The trouble with laws is that they are necessarily rigid --and they must be if they are to be just! The trouble with lawmakers, however, is that they are in the business of making laws and their performance has come to be judged by the laws they add to the books. The trouble with International law is that there are billions of people the lawmakers are attempting to subject to the expansive body of laws with little sensitivity for the spirit of nature's laws.
Nature's laws are not the product of political machinations or democratic scoreboards, they are what they are and no individual or government can supersede their authority and judgement when we stray from them. The trouble with nature's laws is that they aren't so rigid and nature will tolerate some violation without punishment. We also don't know all of nature's laws and we have to discover them through trial and error of our experience.
As Japan's leaders follow the financial policies of US and European leadership, the global social order has become more dangerous and vulnerable because the natural risk-relationships between assets and asset-owners are being disguised through distorted prices. Lloyd Blankfein was wrong when he stated that he was doing "god's work" because GOD doesn't intervene on prices and doesn't need to make allocation decisions because He created a system to reflexively create what needs to be created and destroy what needs to be destroyed.
There is a game of who can hold their breath the longest going on between the Progressive Establishment and those respecting historical traditions and holding conservative values. On one side, the Progressive Establishment believes it can disguise prices and maintain relative social order longer than their opponents can hold on to tradition. The problem with this perspective is that historical tradition and conservative values are timeless and the people who treasure tradition are not the product of political organization, but of historical reflection and and an awareness of contemporary circumstances.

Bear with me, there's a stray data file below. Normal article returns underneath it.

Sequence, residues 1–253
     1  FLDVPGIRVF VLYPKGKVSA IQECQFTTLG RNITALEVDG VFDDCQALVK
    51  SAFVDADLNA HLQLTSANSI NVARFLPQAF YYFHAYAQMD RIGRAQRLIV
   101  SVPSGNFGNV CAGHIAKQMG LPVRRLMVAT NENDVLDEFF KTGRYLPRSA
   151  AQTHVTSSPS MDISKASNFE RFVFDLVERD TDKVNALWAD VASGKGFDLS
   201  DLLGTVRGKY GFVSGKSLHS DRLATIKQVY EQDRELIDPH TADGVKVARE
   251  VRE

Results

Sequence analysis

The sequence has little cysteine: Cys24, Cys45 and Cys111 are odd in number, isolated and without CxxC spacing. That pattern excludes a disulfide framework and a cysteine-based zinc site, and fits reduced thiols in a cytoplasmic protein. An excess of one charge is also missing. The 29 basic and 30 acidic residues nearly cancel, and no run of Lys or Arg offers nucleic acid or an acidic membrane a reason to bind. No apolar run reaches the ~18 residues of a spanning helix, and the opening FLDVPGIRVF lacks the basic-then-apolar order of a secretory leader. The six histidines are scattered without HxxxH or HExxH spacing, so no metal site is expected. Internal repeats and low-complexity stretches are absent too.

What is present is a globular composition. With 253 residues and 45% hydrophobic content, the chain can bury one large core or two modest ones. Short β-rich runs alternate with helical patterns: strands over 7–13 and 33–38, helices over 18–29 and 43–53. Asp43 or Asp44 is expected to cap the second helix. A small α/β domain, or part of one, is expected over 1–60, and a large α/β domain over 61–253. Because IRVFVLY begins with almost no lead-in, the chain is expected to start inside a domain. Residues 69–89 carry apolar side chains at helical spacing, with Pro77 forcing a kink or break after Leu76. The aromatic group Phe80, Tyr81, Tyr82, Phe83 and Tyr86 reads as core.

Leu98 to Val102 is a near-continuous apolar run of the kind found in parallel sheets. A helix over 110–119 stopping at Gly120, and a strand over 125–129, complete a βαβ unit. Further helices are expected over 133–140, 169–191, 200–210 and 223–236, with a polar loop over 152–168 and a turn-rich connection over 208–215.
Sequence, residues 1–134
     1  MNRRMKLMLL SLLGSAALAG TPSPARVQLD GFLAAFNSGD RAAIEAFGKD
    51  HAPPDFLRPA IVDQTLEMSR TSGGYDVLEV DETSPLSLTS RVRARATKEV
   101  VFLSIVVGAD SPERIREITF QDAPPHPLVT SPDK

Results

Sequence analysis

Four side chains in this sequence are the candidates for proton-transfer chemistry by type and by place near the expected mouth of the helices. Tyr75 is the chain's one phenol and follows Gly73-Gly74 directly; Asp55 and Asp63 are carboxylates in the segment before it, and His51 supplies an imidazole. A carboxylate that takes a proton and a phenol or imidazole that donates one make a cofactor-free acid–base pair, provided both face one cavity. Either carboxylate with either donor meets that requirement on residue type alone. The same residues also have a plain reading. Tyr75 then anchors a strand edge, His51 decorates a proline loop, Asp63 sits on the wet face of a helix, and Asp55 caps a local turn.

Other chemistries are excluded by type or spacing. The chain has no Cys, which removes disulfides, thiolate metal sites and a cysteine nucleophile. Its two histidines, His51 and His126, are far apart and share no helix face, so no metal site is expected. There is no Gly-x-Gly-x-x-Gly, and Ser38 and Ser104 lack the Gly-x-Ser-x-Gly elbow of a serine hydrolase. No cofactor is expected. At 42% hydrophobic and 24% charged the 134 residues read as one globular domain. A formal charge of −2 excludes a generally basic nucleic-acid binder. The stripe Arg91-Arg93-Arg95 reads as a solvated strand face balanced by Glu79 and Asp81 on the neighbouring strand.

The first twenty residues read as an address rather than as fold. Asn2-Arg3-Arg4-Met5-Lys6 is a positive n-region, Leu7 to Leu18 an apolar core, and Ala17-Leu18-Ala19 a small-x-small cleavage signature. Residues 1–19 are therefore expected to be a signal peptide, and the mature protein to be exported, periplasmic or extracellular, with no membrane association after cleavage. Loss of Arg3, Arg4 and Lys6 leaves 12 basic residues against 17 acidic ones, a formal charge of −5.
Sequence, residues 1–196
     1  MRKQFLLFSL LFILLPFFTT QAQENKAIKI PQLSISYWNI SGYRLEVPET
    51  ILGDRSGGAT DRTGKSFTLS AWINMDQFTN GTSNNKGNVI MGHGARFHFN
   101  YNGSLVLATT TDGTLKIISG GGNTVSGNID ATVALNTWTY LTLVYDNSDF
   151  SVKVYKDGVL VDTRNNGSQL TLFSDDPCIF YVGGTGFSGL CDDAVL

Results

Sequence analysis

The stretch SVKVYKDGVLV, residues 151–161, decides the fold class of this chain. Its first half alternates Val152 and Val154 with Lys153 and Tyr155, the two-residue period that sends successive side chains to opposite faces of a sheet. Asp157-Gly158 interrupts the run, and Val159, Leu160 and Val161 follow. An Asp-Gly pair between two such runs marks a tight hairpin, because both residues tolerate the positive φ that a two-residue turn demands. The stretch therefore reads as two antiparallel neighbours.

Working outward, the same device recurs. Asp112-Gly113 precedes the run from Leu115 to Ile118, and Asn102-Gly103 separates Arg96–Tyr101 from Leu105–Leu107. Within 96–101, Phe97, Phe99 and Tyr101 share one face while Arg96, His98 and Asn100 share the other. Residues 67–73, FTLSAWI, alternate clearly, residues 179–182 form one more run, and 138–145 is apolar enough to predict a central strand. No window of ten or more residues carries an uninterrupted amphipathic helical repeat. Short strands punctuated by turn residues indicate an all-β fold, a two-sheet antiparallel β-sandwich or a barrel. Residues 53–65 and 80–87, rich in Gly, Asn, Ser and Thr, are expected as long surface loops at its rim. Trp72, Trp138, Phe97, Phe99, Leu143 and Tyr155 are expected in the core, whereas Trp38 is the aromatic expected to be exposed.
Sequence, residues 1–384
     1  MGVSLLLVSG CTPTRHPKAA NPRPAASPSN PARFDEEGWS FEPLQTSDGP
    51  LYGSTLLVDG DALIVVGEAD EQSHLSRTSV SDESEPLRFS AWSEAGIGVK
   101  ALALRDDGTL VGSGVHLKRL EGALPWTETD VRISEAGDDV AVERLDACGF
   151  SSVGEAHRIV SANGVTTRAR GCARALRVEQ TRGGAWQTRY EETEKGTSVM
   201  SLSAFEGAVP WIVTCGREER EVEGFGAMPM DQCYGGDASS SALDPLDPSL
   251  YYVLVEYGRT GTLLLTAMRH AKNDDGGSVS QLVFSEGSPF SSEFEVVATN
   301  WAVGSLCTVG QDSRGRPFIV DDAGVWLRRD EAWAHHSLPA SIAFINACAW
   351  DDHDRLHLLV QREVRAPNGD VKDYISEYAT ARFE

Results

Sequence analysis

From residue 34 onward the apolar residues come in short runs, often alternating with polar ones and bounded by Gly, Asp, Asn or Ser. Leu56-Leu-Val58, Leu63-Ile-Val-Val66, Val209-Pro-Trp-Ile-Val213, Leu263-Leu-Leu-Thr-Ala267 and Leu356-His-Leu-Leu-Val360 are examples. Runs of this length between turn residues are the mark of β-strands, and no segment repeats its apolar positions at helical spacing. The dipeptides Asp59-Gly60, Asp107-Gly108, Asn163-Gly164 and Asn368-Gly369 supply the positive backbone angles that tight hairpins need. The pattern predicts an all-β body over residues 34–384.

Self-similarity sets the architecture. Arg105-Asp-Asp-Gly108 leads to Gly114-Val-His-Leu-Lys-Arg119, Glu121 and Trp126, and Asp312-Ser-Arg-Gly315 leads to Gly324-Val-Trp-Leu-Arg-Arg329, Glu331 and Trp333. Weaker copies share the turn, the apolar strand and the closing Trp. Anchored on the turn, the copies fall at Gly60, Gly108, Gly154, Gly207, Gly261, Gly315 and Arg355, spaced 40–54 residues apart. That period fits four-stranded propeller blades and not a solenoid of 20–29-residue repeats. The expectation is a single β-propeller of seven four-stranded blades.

After tens of trillions of dollars worth of government interventions around the world since 2008, all we have to show for it are higher financial asset prices while living standards have continued to stagnate or decline.
This is it folks; the financial markets don't get any better than this. The good news is that asset prices will get much better if you consider them from the perspective of price affordability. As Russia demonstrated at Crimea back in February, the international social order is no longer acceptable and things are going to change through force if circumstances necessitate. The recent events in Ferguson, MO are also symptomatic of what lies under the surface in America. Putting aside the arguments for and against the actions of each of the participants in these events, the outcome is that neither side is satisfied with the current state of affairs and all sides appear ready to fight for their perceived rights.
Jeremy Bentham already tried to quantify social decision-making with his social algorithm and society ruled that path out centuries ago. Life isn't a numbers game even if numbers add up. Life is every bit about the quality or lack of quality one experiences along the way.
Keep a firm grip on your wallet, finish the food on your plate and keep your head straight as the world works toward a resolution to the persistent imbalances that plague society.